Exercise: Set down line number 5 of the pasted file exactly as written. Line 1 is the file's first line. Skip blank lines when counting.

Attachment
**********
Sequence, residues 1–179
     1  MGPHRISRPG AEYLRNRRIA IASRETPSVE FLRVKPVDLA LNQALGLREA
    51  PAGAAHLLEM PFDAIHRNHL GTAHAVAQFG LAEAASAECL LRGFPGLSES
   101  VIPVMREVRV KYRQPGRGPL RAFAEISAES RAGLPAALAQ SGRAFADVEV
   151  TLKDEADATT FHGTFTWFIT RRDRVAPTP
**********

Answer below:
   151  TLKDEADATT FHGTFTWFIT RRDRVAPTP